In another study, an Israeli med center tested 200,000 subjects in the general public who have had only ONE shot. They found a ~30% efficacy with only one shot.

Also note that the "30%" protection efficacy in the larger study is NOT the same parameter as the "98%" high antibody level in the smaller study. Vaccine protection efficacy is calculated as this: 1 - (% infected in the vaccinated group / % infected in the placebo group). It's a more rigorous calculation. The "98%" in the smaller study is simply % of people who have shown high levels of antibody. It's a simple estimate, a suggestion. It means nothing in the real world, not yet. So no need to compare them. It's apples vs. oranges.
 
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KYli

Senior Member
The Israeli hospital in question has >7000 employees. They tested 102 of them since these people have gotten both shots.

Also, we now have two completely separate preliminary studies from Israel. Please don't confuse them.

In one study, they tested the efficacy of TWO shots within a hospital. They tested 102 hospital employees who have had two shots and 100 of them show high levels of antibody. Again, the hospital has a staff of >7000 people. They are planning to test all of them once they are done with both shots.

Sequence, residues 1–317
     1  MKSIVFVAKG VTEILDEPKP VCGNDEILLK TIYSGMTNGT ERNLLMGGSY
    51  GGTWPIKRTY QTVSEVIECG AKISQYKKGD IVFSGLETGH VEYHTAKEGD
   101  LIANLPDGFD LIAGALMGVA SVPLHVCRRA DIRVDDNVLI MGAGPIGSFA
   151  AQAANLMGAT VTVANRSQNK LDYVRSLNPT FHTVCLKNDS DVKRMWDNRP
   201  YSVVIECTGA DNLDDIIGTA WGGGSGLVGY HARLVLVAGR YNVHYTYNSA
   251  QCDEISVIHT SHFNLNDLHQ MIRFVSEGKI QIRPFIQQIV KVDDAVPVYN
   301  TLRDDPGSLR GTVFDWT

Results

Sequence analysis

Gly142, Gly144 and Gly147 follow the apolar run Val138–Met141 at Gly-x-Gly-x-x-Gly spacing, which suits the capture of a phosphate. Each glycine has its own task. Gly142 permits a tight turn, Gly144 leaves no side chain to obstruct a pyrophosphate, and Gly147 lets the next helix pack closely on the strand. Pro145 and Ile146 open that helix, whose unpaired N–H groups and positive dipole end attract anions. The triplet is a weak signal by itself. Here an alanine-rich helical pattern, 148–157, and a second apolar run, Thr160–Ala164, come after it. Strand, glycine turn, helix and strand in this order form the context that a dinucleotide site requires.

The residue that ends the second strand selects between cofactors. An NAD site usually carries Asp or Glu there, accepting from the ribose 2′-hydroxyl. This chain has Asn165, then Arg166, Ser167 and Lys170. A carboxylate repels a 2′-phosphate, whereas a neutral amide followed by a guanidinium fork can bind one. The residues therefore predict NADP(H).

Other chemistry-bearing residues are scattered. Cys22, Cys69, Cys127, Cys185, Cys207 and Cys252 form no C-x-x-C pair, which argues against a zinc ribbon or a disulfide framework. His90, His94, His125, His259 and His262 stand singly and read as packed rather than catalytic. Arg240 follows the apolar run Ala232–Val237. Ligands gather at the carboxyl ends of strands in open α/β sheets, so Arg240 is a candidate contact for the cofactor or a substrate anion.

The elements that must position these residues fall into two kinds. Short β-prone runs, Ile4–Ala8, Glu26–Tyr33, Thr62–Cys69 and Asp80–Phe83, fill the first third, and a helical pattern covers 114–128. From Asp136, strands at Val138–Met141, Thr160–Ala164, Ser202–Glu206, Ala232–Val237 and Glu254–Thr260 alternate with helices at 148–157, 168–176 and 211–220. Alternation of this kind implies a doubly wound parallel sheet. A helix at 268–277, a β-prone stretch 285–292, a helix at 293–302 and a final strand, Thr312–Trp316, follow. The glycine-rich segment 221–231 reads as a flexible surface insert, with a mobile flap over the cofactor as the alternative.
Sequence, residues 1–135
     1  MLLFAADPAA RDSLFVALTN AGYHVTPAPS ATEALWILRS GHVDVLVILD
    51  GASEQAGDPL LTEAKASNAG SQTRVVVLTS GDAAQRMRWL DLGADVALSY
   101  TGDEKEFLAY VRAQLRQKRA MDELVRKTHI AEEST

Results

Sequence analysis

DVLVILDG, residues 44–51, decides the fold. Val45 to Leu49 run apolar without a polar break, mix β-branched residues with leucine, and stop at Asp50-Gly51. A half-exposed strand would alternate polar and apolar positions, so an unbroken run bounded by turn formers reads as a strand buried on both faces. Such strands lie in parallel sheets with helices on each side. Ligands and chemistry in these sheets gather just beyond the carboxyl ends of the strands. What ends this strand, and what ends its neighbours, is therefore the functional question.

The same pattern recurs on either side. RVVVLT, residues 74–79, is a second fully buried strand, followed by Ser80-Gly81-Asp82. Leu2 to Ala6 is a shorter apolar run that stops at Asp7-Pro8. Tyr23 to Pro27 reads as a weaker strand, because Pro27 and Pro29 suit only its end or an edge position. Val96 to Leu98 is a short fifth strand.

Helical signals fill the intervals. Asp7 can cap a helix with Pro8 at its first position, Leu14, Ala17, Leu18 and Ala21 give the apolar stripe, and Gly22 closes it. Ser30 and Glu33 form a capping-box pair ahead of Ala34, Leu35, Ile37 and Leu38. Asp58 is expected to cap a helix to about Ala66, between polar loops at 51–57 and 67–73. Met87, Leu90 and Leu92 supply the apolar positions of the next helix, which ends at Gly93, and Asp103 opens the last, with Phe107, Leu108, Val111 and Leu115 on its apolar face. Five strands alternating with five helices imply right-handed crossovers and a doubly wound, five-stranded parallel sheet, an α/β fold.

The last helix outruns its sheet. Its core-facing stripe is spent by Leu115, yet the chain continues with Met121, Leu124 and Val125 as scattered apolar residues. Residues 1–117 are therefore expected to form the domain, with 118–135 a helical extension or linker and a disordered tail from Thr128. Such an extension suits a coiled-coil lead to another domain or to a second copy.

In another study, an Israeli med center tested 200,000 subjects in the general public who have had only ONE shot. They found a ~30% efficacy with only one shot
I don't think these two studies are fair comparison. For the hospital study, it assesses the levels of antibody not cases. Most vaccines have near 100% high level of antibody. It is not just Pfizer. On the other hand, the Israel medical center study tested subjects that took one shot and how many contracted the coronavirus. It is 33% which is lower than the 52% Pfizer reported in its clinical trial. So the second dose is unlikely to make the efficacy rate to 95%.
 

localizer

Colonel